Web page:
Posted on January 16, 2015
Findings from a new study published this month in the journal Pediatric Surgery International lend new credence to the value of audio therapy as an approach to postoperative pain management in children. Finding new ways to ease children's pain after surgery is important, as opioid medications can cause breathing problems in children. Because of this risk, clinicians may limit the amount of narcotics given to children after surgery, resulting in inadequate pain control.
The researchers let the study patients choose from a list of pop, country, classical, or rock music, and short audio stories. The study used standard, objective measurements of pain to gauge any effect. The study found that listening to the music or stories for 30 minutes helped distract the children from their pain. Lead author Santhanam Suresh, MD, professor of anesthesiology and pediatrics at Northwestern University observed, “Audio therapy is an exciting opportunity and should be considered by hospitals as an important strategy to minimize pain in children undergoing major surgery. This is inexpensive and doesn't have any side effects.”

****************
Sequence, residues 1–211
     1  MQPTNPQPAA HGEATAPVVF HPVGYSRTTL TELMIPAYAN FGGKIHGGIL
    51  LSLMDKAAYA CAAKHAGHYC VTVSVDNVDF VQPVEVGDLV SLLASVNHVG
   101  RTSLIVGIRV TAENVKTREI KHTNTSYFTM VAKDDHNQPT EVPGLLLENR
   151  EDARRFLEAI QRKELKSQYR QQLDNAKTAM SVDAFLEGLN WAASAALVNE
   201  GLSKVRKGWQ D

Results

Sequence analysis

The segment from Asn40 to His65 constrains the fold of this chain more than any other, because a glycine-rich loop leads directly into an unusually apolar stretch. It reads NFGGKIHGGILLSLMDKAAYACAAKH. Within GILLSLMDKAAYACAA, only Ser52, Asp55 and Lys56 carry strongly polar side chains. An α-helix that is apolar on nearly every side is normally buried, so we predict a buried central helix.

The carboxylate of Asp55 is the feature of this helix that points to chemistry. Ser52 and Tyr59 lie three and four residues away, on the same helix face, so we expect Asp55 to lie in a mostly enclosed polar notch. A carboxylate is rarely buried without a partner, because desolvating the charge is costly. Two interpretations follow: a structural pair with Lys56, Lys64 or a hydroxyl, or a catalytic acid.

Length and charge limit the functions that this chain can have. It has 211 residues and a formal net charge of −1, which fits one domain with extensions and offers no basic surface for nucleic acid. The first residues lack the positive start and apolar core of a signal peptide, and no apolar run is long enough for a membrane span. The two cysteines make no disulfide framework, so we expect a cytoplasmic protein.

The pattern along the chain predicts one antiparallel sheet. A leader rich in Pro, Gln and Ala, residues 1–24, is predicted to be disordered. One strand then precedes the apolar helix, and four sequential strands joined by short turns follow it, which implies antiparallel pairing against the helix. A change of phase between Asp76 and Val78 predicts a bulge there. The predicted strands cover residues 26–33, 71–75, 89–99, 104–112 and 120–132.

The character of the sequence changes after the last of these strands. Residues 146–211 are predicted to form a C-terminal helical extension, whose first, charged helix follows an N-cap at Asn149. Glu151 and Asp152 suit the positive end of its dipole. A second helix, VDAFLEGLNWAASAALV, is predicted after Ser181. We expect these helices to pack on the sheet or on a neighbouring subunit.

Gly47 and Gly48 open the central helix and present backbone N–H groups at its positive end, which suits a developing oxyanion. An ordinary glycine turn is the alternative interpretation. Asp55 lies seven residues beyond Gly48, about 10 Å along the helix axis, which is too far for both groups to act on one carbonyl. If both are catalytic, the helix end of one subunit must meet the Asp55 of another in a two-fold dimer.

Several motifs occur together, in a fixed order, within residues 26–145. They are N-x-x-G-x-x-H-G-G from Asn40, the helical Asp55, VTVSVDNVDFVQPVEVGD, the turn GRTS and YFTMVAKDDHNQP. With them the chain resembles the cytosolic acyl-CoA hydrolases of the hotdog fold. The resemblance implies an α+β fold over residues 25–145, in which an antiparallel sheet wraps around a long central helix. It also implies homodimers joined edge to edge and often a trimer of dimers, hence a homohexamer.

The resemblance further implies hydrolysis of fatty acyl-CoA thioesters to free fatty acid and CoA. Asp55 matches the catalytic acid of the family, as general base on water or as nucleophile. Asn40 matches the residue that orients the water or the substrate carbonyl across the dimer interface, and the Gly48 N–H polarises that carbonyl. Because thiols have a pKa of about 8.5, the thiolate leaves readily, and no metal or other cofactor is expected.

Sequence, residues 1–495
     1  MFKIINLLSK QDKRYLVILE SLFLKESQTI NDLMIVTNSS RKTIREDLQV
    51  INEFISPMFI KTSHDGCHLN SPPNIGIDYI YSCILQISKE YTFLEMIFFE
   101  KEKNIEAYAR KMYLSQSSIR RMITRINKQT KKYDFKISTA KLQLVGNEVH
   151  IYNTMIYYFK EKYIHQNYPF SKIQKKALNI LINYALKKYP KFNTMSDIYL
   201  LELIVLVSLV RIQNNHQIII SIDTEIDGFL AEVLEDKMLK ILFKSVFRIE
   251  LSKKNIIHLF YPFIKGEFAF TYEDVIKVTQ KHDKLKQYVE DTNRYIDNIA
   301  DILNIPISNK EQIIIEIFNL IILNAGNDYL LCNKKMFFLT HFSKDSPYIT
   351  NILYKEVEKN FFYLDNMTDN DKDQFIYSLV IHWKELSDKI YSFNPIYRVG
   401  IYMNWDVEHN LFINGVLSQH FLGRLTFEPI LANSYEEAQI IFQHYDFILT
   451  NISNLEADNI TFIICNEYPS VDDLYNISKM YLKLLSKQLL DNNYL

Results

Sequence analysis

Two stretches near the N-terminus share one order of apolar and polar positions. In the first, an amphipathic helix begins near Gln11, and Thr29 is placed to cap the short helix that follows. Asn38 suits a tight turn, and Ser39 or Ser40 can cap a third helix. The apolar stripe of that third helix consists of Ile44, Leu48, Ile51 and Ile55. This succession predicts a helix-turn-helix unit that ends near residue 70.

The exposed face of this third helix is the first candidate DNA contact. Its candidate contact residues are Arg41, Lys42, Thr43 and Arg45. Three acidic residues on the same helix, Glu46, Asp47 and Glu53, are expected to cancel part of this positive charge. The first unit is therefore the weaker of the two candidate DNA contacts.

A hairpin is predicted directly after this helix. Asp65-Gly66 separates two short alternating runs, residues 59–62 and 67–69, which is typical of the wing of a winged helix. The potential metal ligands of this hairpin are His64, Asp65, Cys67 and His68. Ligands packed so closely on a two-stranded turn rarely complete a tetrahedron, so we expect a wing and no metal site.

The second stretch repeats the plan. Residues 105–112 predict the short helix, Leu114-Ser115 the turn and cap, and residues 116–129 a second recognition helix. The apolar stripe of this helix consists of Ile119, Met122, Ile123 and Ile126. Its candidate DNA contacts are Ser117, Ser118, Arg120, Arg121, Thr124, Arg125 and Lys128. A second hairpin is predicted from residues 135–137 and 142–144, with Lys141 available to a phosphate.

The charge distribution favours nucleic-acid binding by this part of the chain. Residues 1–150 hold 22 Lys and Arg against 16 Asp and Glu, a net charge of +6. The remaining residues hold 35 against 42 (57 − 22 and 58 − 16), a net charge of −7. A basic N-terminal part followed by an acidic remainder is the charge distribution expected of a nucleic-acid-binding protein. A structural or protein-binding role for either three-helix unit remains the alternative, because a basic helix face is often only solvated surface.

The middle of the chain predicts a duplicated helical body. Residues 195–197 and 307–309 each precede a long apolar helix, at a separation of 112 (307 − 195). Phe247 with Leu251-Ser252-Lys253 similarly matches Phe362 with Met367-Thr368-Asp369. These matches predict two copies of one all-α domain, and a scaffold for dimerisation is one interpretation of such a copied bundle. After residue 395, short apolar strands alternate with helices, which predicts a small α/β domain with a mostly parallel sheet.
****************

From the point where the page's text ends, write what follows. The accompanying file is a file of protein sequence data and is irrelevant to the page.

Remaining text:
Read more about the study findings here.